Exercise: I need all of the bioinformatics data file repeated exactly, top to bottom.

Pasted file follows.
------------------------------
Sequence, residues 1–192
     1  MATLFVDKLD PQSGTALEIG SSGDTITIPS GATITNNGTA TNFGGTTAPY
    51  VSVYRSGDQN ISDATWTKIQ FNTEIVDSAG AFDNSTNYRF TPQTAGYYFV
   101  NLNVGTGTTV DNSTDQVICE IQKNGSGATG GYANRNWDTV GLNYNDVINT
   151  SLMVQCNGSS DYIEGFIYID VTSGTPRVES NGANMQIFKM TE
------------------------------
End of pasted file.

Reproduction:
Sequence, residues 1–192
     1  MATLFVDKLD PQSGTALEIG SSGDTITIPS GATITNNGTA TNFGGTTAPY
    51  VSVYRSGDQN ISDATWTKIQ FNTEIVDSAG AFDNSTNYRF TPQTAGYYFV
   101  NLNVGTGTTV DNSTDQVICE IQKNGSGATG GYANRNWDTV GLNYNDVINT
   151  SLMVQCNGSS DYIEGFIYID VTSGTPRVES NGANMQIFKM TE